Several parameter studies help to gather insights into the operation principle of the QW-absorber MIXSEL and the next steps for an improved modelocking performance are outlined. Besides reaching the optimum laser performance, the acceptance of ultrafast SDLs in industrial and scientific applications requires enhanced pump efficiencies. The challenges for combining short pulse durations and a high optical-to-optical efficiency with MIXSELs are discussed. With the technology moving from the source development towards applications, robust and long-term stable fundamental modelocking has to be proven rigorously. Based on experimental findings from this MIXSEL, we highlight some of the measurement difficulties, and suggest approaches which help to reduce the potential for misinterpretation of experimental measurements when characterizing pulses from ultrafast SDLs.
2. Laser design and fabrication
The layout of the MIXSEL semiconductor stack and the laser setup are derived from the structure described in , however several modifications have been applied. The layout and material composition together with the electric field distribution are depicted in Fig. 2(a). The MIXSEL is designed for operation around a wavelength of 1040 nm. The incident laser light is reflected by a 24-pair AlAs/GaAs distributed Bragg reflector (DBR), while the pump light is reflected by an intermediate 9.5-pair AlAs/Al0.15Ga0.85As DBR, designed for the pump wavelength of 808 nm. Compared to previous MIXSEL designs, the mole fraction of the high index AlxGa1-xAs compound in the pump mirror was decreased from x = 0.20 to x = 0.15 to enhance its intrinsic thermal conductivity and refractive index, but still preventing 808-nm pump light absorption. The intermediate DBR avoids uncontrolled absorber bleaching by residual pump light.
A single 14-nm thick In0.2Ga0.8As QW saturable absorber is positioned in the antinode of the standing wave pattern of the electric field intensity between the two DBRs. By embedding the QW into AlAs layers and with optimized low-temperature growth, the absorber exhibits the desired fast recovery times and low saturation fluences. The field intensity enhancement at the absorber position is designed to be around 1.4 (normalized to 4 outside the structure). A detailed characterization of the absorber type is presented in . The active region comprises ten In0.19Ga0.81As QWs of 8.8 nm thickness. The compressive strain of the QWs is balanced by tensile strained layers of GaAs0.94P0.06. The active QWs are positioned pairwise on adjacent sides of the standing wave pattern antinodes in a fashion that has already been used for a previous MIXSEL structure . According to guidelines derived from numerical pulse formation simulations, higher saturation fluences of the gain enable the generation of even shorter femtosecond pulses . Therefore the average enhancement of the electric field in the QWs was decreased from 0.95 to 0.65 and flattened compared to previous structures  (less than 10% change over ± 20 nm around the lasing wavelength). The MIXSEL is finalized by a numerically optimized anti-reflection (AR) section, combining seven alternating layers of AlAs and Al0.15Ga0.85As and a single layer of fused silica (FS). Besides minimizing reflective pump light losses at the surface of the structure, the AR section ensures a flat GDD around the lasing wavelength. By minimizing deviations of the ideal layer thickness of the semiconductor and FS layers, the GDD can be kept reasonably flat over a large wavelength range (see Fig. 2(b)).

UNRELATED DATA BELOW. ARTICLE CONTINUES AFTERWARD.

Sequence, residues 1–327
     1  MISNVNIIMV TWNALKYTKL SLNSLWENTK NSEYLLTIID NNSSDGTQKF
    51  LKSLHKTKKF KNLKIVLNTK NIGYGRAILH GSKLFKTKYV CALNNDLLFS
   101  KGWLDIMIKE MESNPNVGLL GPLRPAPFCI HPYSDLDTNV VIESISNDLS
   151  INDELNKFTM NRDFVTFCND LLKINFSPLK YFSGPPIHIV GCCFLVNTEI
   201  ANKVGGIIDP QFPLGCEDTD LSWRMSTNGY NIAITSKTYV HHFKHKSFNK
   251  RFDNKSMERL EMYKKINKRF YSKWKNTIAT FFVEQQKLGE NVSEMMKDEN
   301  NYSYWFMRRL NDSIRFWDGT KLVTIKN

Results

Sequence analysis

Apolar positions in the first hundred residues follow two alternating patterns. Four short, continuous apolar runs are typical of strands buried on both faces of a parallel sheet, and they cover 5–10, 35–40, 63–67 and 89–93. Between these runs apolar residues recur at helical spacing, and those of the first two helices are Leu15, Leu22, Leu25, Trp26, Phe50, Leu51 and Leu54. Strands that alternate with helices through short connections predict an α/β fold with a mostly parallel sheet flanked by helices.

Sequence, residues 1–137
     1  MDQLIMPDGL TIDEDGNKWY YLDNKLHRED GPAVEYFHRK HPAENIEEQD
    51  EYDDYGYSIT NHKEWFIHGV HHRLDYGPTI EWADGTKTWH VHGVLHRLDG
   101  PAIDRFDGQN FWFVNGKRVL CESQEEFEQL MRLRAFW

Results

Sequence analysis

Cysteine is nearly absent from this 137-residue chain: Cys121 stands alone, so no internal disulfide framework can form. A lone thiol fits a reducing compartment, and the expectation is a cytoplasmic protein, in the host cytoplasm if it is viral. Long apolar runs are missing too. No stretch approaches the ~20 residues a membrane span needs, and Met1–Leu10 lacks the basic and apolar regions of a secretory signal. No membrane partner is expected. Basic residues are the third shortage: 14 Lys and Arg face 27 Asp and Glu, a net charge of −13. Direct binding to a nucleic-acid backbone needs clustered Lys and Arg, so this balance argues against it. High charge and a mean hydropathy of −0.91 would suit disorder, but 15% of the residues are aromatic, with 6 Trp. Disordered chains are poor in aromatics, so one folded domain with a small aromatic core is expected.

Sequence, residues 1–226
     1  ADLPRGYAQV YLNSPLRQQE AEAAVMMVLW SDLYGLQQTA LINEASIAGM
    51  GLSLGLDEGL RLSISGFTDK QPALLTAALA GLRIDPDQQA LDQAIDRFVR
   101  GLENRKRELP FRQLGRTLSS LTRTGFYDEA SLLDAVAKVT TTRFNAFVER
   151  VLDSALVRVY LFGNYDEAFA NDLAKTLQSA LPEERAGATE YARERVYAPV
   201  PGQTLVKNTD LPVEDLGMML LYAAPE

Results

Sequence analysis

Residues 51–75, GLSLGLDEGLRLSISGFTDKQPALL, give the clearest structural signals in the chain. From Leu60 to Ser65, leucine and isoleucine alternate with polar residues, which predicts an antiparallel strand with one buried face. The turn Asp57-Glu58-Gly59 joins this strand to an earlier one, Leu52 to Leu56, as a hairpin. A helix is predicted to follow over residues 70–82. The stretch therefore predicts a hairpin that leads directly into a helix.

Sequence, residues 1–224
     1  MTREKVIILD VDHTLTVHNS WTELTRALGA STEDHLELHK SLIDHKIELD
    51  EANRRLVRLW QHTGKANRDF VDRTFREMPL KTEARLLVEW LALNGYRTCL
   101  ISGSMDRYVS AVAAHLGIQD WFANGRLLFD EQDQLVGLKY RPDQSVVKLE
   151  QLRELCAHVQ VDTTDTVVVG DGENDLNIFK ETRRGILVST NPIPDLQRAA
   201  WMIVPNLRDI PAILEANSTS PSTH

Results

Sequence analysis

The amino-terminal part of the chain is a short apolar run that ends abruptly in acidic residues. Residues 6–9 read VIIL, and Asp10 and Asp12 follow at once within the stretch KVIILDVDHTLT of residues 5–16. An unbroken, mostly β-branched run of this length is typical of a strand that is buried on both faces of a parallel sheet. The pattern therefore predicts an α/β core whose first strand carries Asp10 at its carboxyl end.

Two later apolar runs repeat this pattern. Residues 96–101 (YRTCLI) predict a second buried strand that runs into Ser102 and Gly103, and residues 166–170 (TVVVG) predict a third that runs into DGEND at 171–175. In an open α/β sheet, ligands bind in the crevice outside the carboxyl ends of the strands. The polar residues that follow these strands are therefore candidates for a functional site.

The structure was grown in reverse order on an undoped GaAs (100) substrate for subsequent flip-chip bonding. The etch-stop layer and the AR section were grown at 750 °C, while the active region was grown at 660 °C on an AIX 200/4 (AIXTRON SE, Herzogenrath, Germany) metalorganic chemical vapor deposition (MOCVD) machine. Afterwards, the wafer surface was cleaned using a hydrogen plasma source and transferred under ultrahigh vacuum conditions into a VEECO GEN III (Veeco Instruments Inc., St. Paul, MN, United States) molecular beam epitaxy (MBE) machine. The two DBRs for pump and laser light were fabricated with MBE at 580 °C growth temperature and the saturable absorber section in between was grown at 280 °C. After the epitaxy, the structure is cleaved, metallized and indium-soldered onto a 600-μm-thick polycrystalline diamond heat-spreader with a thermal conductivity exceeding 2000 W m−1K−1. After wet-chemical substrate and etch-stop removal the single layer of FS is deposited by plasma enhanced chemical vapor deposition (PECVD) .
A measurement of the GDD at room temperature (20 °C) and without optical pumping (Fig. 2(b)), performed with a setup described in , showed improved spectral flatness compared to the first femtosecond MIXSEL structure after processing . With small GDD variations in the range of up to + 100 fs2 shorter and more transform-limited pulses are expected.
3. Experimental results